Zika Virus Scarier Than Initially Thought
The following information about the Zika Virus and the mosquitoes that carry it is based on an interview conducted April 12, 2016 by Fox News with Dr. Kevin Campbell. ¹
Dr. Campbell (pictured above right) is a medical professional who utilizes social media and blogging to educate, engage and motivate patients as well as physicians on the latest developments impacting health and wellness in the U.S.
Zika Facts and Statistics
(As discussed in Video interview – full transcript provided below)
- The World Health Organization has declared a Zika emergency.
- Since 2007, there are Zika cases in 62 countries and growing.
- CDC reports active Zika outbreaks in 41 countries/territories.
- Mosquitoes in U.S. are not carrying virus, yet. (as of the date of this interview)
- CDC: 364 cases of Zika Virus confirmed in the continental U.S. – all in people who have traveled to Zika-prone countries.
- World Health Organization estimates as many as 4 million people could be infected with Zika virus over the next year.
- Zika virus is primarily transmitted by mosquito bites; can be spread from pregnant women to baby or sexually transmitted.
- CDC: Zika virus linked to birth defects, including blindness, premature birth, smaller brain size caused by Microcephaly. ²
- Zika linked to Guillain-Barré Syndrome. ³
- Obama Administration is proactive, but Congress not taking action.
- Health officials find Zika is destructive to fetal brains.
- Scientists find Zika virus causes devastating defects in fetal brains.
- Likely to have a vaccine ready by September.
Text transcript of video interview provided below. ↓
Watch the full video on Fox News by clicking here. (opens in new window)
Health Officials Sound Alarm On Zika Virus
Interview by Fox News on April 12, 2016 with Dr. Kevin Campbell:
Fox News (FN):
“Top health officials are sounding the alarm on the Zika Virus, revealing the type of mosquito spreading the virus.
Mosquitoes that carry Zika Virus are now in 30 states across the U.S.
Officials are warning, as they learn more about the virus, they find it even scarier than initially thought.
Here now is Dr. Kevin Campbell, he’s a practicing cardiologist and Assistant Professor of Medicine at The University of North Carolina.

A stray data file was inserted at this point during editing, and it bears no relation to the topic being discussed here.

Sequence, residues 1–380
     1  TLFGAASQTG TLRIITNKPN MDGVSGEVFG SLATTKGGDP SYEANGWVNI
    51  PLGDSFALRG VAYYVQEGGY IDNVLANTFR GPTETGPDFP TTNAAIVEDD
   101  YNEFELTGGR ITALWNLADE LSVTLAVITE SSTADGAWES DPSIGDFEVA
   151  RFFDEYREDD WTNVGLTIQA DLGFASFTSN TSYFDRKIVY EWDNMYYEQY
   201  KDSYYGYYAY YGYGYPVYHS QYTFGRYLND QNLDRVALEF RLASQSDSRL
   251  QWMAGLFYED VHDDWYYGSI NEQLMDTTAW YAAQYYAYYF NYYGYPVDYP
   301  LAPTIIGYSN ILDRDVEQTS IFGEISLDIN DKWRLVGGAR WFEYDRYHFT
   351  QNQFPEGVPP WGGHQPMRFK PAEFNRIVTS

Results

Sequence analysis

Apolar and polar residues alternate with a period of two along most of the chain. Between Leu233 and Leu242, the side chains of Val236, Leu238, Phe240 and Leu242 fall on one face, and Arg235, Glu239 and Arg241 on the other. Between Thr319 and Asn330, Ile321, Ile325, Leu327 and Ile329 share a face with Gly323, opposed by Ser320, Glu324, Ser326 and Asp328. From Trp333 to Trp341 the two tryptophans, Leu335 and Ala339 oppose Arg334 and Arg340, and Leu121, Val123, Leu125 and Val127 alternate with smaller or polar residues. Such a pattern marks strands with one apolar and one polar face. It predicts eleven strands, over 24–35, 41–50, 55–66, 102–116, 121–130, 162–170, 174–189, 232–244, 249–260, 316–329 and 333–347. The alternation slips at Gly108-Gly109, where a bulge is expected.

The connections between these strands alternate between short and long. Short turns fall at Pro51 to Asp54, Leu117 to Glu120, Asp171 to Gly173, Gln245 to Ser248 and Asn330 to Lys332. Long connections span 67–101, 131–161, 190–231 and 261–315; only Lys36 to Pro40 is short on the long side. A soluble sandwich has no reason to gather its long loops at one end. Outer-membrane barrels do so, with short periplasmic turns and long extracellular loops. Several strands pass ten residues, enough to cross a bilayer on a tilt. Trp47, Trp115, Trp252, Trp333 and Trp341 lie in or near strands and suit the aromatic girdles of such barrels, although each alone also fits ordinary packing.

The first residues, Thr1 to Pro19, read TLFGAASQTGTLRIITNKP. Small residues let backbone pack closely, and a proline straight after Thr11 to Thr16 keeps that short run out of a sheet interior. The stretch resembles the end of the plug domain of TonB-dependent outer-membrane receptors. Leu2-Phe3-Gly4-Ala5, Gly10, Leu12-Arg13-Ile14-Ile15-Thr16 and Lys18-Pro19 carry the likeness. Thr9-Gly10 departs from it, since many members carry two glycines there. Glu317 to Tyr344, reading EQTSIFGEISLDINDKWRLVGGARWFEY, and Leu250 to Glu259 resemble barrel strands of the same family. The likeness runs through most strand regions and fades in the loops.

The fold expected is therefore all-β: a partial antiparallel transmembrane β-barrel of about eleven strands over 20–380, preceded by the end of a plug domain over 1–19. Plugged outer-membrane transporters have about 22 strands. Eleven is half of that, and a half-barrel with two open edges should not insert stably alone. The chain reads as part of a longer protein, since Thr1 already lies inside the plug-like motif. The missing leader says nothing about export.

Thank you for joining us.”
Dr. Kevin Campbell (DKC):
“Thank’s so much for having me.”
“So, Dr. Campbell, the CDC, they’ve declared a ‘Level 1’ emergency. ⁴
We hear that 30 states now have these mosquitoes in them.
What exactly is a ‘Level 1’ emergency and why have they done that?”
“You know, that is the highest level of public health alert that the CDC issues.
They did that a few years ago with the H1N1 flu. ⁵
They did it during Hurricane Katrina and the fallout of that.
So, it is a big deal.
It means that a lot of resources are mobilized, they’re ready to go, and they’re going to need more funding to make this happen.”
“And what about worldwide, and how did it make its way here?”
“You know we’ve had a lot of travelers that have gone to endemic areas like Brazil and other places, even U.S. Territories like Puerto Rico, it’s becoming more and more prevalent.
One thing to remember, here in the U.S., we have the mosquitoes but the virus is not in the mosquitoes, yet.
It may be that this summer.
However, most of the cases in the U.S. have been transmitted by travelers, folks that have gone to the endemic areas and come back.”
“There are roughly 672 confirmed cases in U.S. territories like Puerto Rico, which also includes the United States.
Pregnant women, there’s been 64 pregnant women, impacted so far?”
“That’s exactly right and for pregnant women this can be devastating.
We’ve learned in the last week now not only does it associate itself with microcephaly, which causes children that are born with small brains and under-developed brains, but also with blindness and premature births.
Interview continues below…
How to Pronounce Guillain Barre Syndrome
“And there are also some things that we’re seeing in adults like Guillain-Barré, which is a paralysis syndrome, and now another disease that’s very similar to Multiple Sclerosis.
All being associated with Zika Infection.”
“What do we need to do to try and avoid this?”
“I think the biggest thing, in areas that are endemic to mosquitoes, we’ve got to come up with public ways of eliminating mosquitoes or controlling these populations.
I think we need to educate the public about the fact that this can be sexually transmitted if you’re infected with Zika and pregnant women need to make sure they don’t contract the disease.
I think we’ve got to really re-double our efforts to make a vaccine as well.”
“How likely, and when, do you think that vaccine will be available?”
“Based on my sources, it looks like we’re making good progress and September this year is the target date for that vaccine.
We also need a rapid blood test so we can quickly identify people who have this disease because 80% of people don’t even have symptoms.”
“And what are those symptoms?”
“They’re very vague.
Red eyes, like when you have pink-eye (conjunctivitis), muscle aches, fever, maybe a rash, they’re very non-specific.
A typical virus illness.”
“Dr. Kevin Campell, thank you for joining us and giving us more information.”
“Thank’s for having me.”
¹ Learn more about Dr. Kevin Campbell by visiting his website.
² Visit Wikipedia and learn more about Microcephaly.
³ Learn more about Guillain–Barré syndrome on Wikipedia.
⁴ Learn more: CDC Emergency Operations Center moves to highest level of activation for Zika response.
⁵ Learn more about the 2009 flu pandemic caused by the H1N1 influenza virus.